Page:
Mariah Blake

Mariah Blake

Senior Reporter

Mariah Blake is a senior reporter at Mother Jones. She has also written for The Atlantic, Foreign Policy, The Nation, The New Republic, The Washington Monthly, and The Columbia Journalism Review, among other publications. E-mail her at mblake [at] motherjones [dot] com or follow her on Twitter.

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Cliven Bundy's Daughter Slams Sean Hannity

| Fri Apr. 25, 2014 1:42 PM EDT

Since Wednesday night, when the New York Times published Cliven Bundy's observations about "the Negro"—including his musing that African Americans were better off as cotton-picking slaves than they are today—conservative pundits have scrambled to distance themselves from the Nevada rancher, whose recent standoff with federal officials over grazing fees on public land became a rallying cry for anti-government conservatives. Fox News host Sean Hannity, who had vociferously championed Bundy as a hero, kicked off his Thursday show by slamming Bundy for his "ignorant, racist, repugnant, despicable" remarks.

Bundy defended his initial comments on Thursday saying, "If they think I'm racist, they're totally wrong…Again, I'm wondering are they better off under the old system of slavery or are they better off under the welfare slavery that they're under now. You know, I'm not saying one way or the other." And on Friday morning, he told CNN that he didn't see a problem with using terms like "Negro" or "boy" for black people. "If those people cannot take those kind of words and not be (offended), then Martin Luther King hasn't got his job done yet," he told anchor Chris Cuomo.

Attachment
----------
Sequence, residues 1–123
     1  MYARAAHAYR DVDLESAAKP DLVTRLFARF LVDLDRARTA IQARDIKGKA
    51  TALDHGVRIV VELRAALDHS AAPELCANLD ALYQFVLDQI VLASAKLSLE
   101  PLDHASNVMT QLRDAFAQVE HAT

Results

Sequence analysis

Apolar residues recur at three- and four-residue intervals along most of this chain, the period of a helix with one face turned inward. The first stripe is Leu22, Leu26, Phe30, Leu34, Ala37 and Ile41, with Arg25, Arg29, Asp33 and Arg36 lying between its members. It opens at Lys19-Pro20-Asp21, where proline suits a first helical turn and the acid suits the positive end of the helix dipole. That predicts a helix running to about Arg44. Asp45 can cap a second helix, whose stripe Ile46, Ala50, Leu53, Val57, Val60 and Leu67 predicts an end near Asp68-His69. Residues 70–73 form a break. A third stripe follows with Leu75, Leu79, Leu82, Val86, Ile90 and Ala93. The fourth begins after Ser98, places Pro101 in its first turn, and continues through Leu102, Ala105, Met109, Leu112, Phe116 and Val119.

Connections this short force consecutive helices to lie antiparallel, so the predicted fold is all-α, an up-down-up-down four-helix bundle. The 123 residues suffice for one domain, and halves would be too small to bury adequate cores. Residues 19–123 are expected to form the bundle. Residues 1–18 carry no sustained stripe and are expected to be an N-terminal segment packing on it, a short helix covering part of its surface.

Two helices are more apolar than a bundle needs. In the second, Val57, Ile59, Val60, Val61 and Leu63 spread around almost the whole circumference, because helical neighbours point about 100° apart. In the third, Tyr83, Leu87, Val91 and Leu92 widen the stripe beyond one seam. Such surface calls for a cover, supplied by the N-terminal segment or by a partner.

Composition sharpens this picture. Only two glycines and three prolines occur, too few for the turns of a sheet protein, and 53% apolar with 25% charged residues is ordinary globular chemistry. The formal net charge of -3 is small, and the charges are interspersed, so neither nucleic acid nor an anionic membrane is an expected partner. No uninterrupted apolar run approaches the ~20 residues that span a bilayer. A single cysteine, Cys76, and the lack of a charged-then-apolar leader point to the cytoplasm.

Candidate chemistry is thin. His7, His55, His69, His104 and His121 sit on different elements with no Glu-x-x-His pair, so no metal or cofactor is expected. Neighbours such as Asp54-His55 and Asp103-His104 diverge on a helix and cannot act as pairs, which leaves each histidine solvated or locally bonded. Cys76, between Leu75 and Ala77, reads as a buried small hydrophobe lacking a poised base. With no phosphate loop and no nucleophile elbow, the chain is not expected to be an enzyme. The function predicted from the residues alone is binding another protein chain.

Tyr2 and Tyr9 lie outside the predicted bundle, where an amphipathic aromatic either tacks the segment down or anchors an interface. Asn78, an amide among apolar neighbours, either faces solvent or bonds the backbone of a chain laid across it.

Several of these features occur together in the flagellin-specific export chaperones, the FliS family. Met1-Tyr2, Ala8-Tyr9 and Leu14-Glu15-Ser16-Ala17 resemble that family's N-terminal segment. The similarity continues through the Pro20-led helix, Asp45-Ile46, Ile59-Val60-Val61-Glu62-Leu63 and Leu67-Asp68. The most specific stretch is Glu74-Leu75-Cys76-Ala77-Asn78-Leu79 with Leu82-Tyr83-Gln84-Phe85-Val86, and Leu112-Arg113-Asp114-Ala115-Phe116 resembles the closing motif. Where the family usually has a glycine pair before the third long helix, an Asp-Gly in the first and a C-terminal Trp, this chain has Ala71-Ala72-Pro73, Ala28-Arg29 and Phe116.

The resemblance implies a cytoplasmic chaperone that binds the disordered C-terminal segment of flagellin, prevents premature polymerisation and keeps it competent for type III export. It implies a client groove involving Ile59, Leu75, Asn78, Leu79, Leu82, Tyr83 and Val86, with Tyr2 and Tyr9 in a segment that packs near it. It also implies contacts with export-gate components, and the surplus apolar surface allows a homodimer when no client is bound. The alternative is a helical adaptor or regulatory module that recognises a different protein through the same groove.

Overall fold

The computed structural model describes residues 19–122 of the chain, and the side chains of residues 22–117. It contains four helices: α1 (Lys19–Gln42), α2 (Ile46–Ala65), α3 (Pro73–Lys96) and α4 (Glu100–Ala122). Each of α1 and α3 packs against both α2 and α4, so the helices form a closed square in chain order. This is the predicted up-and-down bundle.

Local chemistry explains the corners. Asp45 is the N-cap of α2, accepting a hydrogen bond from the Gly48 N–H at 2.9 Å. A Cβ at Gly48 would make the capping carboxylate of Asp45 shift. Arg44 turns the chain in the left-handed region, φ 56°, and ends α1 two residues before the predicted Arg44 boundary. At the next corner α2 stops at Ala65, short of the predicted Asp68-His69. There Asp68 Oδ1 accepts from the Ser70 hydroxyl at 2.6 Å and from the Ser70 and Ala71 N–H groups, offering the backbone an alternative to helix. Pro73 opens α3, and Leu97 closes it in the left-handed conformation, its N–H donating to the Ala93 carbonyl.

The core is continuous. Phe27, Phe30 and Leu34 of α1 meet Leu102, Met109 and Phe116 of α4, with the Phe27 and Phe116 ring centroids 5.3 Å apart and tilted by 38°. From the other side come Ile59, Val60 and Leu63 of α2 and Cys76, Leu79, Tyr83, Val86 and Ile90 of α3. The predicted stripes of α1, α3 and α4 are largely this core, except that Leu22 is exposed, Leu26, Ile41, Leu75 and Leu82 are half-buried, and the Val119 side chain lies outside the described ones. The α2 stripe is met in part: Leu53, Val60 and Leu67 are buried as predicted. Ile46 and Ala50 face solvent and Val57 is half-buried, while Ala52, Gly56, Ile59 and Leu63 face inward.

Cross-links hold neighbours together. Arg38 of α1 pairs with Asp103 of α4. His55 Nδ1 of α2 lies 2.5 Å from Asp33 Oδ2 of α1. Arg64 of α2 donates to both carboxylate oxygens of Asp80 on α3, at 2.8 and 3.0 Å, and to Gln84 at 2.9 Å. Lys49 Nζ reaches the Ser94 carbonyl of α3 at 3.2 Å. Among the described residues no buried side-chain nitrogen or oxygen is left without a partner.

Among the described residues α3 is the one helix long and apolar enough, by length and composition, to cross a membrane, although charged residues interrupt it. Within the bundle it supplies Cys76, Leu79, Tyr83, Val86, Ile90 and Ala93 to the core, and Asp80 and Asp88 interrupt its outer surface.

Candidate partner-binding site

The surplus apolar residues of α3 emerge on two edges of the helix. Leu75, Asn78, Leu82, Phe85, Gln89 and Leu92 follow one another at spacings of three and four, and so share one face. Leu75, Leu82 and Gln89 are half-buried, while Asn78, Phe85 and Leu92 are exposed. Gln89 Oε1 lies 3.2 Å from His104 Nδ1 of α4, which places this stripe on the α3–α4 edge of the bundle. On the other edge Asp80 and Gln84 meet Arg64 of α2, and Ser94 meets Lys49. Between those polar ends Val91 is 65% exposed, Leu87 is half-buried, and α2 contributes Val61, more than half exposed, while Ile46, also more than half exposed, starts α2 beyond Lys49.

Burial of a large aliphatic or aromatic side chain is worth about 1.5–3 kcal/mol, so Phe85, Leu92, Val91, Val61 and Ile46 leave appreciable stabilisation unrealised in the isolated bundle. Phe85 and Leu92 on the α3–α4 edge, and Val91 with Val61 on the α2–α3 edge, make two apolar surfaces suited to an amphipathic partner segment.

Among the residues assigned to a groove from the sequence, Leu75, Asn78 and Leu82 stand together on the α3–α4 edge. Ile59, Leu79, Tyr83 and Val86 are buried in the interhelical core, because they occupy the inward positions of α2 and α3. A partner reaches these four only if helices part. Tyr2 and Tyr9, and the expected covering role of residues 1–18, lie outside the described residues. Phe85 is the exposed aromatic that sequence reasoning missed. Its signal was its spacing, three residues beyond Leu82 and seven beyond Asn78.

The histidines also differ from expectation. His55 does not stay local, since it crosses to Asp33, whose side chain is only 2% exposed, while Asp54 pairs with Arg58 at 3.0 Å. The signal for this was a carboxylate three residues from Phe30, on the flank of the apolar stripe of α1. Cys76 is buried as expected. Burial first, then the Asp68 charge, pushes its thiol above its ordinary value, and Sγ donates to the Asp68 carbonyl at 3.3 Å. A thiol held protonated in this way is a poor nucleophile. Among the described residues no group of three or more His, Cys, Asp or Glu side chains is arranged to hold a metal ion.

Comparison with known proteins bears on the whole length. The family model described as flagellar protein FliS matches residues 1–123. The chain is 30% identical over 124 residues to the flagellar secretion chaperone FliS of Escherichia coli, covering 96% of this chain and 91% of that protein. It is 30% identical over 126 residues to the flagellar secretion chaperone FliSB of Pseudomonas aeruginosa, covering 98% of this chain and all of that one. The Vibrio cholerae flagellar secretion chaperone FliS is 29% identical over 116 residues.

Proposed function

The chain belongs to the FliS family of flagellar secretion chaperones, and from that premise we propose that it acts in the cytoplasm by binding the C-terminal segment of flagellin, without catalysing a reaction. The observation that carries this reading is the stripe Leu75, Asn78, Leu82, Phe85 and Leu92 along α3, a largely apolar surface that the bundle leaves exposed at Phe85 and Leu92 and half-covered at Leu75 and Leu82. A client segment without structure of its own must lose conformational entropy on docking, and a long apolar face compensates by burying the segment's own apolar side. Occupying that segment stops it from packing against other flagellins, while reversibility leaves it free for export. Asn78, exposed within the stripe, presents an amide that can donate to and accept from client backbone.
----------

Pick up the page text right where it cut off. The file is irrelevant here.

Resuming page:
Meanwhile, Bundy's daughter, Shiree Bundy Cox, is striking back at conservatives who have turned tail on Bundyespecially Hannity. In a Facebook post Thursday night, she accused the talk show host of abandoning her father and pandering to ratings. Here's a snippet:

I'm sure most of you have heard the news about my dad being called a racist. Wow! The media loves to take things out of context don't they? First off I'd just like to say that my dad has never been the most eloquent speaking person. Like someone said, he's a Moses who needs an Aaron to speak for him. This is true. Second, however, is that the media has turned this into a circus side show. It's like their trying to throw us off the real subject. Why was this ever even brought up? What does this have to do with land rights issues? Sean Hannity was all for reporting the happenings at the Bundy Ranch until this popped up. I wonder if someone hoped it would be that way…By the way, I think Mr. Hannity is more worried about his ratings than he really is about what my dad said. If he supports a supposed racist, what will that do to his ratings? He's already lost his #1 spot on Fox.

Cox, who is one of 14 children, also suggested that the controversy concerning Bundy's racist comments had somehow been orchestrated to undermine her father's cause: